"I try not to switch around between too many amplifiers for the main rhythm track on stuff, unless it is something we plan on using," he continues. "Will [Yip, who produced the record] has got a handful of really good stuff. But otherwise, I try to record mostly through my '65 Pro Reverb. It doesn't really get much better than that, to me anyways. We don't really bounce around between too many pedals either unless it is something we are going to have with us. In the beginning, when we started this shit, we were like, 'Alright, we have got to get this, this, this,' and we had all this fucking bullshit lying around. We don't even use any of it anymore. The setup that Brandon and I use has like five pedals, tuner included."

In the eyes of Palermo, this fine-tuned approach to recording is simply the result of learning on the job. "We made mental notes of everything, and wrote things down. It is a learning process," he stresses. "Nobody walks into this knowing exactly what to do. A lot of times with Guilty, we didn't know what we were going to do with this shit, so that's why we wanted a lot of the main rhythm tones to sound the same. This time, we could be like, 'Let's tweak this, let's make this sound a little bit fuller, let's make this sound slightly overdriven,' and we made notes of everything. It is nice to go release-to-release and really learn what you are doing."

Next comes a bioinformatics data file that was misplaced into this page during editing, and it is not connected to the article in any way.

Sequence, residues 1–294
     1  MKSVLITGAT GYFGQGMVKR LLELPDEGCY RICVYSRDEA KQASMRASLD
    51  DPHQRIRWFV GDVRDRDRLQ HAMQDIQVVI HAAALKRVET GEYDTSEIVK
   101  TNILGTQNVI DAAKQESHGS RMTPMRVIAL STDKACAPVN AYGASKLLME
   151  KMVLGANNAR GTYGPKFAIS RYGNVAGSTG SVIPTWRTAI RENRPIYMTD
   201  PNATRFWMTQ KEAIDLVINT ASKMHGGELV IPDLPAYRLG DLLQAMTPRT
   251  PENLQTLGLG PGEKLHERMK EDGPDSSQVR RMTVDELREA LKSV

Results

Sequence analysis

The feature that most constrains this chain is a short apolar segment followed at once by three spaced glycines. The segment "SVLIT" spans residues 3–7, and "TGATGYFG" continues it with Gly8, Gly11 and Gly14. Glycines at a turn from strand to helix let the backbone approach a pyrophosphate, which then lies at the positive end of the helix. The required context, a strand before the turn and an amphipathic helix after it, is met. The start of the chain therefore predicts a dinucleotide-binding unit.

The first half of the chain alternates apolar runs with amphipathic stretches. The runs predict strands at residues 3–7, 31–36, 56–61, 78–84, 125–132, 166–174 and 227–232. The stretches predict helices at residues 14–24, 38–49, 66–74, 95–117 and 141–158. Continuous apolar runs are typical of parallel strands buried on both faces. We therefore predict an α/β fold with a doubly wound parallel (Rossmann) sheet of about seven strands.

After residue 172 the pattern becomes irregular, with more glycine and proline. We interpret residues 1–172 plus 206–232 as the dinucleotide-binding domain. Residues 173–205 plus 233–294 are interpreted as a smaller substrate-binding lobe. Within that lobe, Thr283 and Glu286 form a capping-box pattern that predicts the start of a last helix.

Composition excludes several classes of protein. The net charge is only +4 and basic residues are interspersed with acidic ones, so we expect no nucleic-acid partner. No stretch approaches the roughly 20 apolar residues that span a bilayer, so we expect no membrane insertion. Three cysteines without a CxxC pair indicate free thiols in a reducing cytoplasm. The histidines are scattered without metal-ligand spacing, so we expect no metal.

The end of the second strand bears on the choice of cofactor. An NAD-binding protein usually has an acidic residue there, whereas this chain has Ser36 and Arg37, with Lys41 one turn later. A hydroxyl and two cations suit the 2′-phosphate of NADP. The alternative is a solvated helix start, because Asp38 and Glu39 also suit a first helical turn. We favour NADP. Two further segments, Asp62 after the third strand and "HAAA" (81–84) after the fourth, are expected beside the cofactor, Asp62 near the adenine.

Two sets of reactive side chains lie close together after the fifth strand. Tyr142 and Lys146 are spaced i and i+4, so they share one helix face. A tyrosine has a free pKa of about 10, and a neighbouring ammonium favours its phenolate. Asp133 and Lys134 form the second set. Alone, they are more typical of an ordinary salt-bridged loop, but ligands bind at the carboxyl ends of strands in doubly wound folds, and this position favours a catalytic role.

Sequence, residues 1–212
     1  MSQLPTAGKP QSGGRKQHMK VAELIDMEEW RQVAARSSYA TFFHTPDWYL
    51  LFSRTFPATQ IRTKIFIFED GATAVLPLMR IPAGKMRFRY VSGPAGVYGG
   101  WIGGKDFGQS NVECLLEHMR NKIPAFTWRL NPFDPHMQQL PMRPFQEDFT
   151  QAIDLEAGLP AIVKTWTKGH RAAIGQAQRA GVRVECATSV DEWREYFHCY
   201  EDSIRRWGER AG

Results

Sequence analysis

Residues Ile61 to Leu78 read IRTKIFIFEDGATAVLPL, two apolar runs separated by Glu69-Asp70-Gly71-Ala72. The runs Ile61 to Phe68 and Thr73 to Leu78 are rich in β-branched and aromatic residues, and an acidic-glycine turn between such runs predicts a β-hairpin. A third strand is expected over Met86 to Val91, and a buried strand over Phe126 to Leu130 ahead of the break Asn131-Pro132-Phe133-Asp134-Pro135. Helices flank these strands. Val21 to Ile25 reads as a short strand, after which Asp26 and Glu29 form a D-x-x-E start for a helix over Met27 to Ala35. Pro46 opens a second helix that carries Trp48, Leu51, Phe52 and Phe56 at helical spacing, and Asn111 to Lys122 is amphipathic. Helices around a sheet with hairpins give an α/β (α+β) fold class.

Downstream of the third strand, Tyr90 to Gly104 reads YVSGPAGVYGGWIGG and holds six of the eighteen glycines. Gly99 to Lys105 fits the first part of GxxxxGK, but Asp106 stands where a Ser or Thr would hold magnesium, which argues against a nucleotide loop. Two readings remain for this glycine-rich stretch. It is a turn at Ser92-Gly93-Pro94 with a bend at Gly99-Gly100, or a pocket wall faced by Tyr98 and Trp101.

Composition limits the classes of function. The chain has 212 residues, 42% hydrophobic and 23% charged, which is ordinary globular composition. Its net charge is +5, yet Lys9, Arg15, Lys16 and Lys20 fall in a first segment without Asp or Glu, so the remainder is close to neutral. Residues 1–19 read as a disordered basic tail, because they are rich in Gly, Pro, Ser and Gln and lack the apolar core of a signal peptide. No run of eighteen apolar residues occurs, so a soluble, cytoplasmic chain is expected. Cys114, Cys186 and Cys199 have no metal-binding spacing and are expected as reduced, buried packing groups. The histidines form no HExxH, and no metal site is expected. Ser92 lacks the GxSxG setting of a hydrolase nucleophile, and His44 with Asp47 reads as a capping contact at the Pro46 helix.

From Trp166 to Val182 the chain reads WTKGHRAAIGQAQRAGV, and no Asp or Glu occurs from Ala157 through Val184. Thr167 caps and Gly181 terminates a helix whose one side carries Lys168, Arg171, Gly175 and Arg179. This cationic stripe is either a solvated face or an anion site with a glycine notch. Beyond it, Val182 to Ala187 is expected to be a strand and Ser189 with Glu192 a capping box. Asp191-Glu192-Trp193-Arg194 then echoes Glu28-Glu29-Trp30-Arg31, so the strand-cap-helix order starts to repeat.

But, while admitting that their knowledge of how to properly record had deepened, NOTHING was granted access to a superior array of equipment while recording Tired Of Tomorrow. "One of the main things was that, with Guilty, we were using complete horseshit to play with," says Palermo with a laugh. "Brandon was using a guitar that he got from a pawnshop for $100. We were using awful pedals and the studio we recorded at was an awesome place--Jeff Zeigler's place in Philadelphia--but he is limited in equipment. It is a small spot, so you've got to have your stuff. We made that record sound great with a bunch of dog shit, but now, we have nice stuff. Plus, add Will's nice stuff and I think that was pretty cool. It made it all sound a lot nicer."

NOTHING was formed in Philadelphia and has worked extensively with individuals associated with or living in the city's vibrant and bustling music scene. Zeigler, Yipp and many more of their collaborators call the city home. But for Palermo, who lived in Philadelphia for most of his life, the city is not exactly what many have cracked it up to be.

"I'm a little bit biased because I've been there for so long," he says. "I've seen so many people come and go. I'm one of the unfortunate ones that were born there. I was born in Kensington and I never left, but not on purpose. The only time I left was to go to jail." Palermo laughs and coughs before continuing. "I've always had an issue with a lot of Philly bands since I left the hardcore punk thing. [NOTHING] didn't get a lot of credit when we were starting."